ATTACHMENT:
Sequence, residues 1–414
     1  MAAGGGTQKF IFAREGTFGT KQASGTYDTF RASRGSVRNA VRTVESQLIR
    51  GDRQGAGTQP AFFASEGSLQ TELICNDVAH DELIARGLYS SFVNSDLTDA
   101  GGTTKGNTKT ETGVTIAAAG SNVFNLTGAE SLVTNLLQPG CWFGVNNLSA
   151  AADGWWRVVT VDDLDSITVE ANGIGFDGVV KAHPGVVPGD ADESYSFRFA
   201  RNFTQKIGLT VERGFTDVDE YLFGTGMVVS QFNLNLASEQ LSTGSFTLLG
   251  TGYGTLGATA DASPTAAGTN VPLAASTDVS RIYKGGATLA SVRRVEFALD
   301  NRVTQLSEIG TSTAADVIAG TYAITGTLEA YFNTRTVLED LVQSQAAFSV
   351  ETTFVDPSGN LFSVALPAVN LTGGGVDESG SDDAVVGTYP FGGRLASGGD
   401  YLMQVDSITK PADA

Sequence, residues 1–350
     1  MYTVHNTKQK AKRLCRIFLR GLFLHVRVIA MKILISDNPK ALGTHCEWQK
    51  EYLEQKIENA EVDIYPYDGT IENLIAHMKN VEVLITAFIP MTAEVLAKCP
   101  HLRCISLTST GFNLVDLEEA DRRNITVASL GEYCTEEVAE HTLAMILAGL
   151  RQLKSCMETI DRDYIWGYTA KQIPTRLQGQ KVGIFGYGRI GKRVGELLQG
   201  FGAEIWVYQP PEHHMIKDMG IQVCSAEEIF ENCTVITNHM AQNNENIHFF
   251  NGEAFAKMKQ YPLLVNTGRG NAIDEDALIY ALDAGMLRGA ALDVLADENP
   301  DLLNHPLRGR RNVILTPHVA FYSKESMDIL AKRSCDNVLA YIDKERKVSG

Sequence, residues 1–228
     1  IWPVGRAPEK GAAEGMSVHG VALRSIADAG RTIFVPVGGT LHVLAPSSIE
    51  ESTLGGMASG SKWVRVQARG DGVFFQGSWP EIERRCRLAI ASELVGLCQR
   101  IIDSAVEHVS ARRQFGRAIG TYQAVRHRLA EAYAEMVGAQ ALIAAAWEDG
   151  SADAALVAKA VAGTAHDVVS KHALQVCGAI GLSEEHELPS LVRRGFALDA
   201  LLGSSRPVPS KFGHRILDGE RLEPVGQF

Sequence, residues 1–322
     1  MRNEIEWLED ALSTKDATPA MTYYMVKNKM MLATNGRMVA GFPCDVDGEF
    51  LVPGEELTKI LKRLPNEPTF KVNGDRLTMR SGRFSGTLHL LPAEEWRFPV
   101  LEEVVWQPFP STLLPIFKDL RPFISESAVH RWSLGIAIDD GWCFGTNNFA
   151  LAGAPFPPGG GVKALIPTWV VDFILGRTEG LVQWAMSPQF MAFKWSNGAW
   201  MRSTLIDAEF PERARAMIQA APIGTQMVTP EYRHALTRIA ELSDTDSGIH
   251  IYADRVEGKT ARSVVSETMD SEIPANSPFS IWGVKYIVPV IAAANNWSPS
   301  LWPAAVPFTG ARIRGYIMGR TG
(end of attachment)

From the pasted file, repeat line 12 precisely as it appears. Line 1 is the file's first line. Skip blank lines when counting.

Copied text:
     1  MYTVHNTKQK AKRLCRIFLR GLFLHVRVIA MKILISDNPK ALGTHCEWQK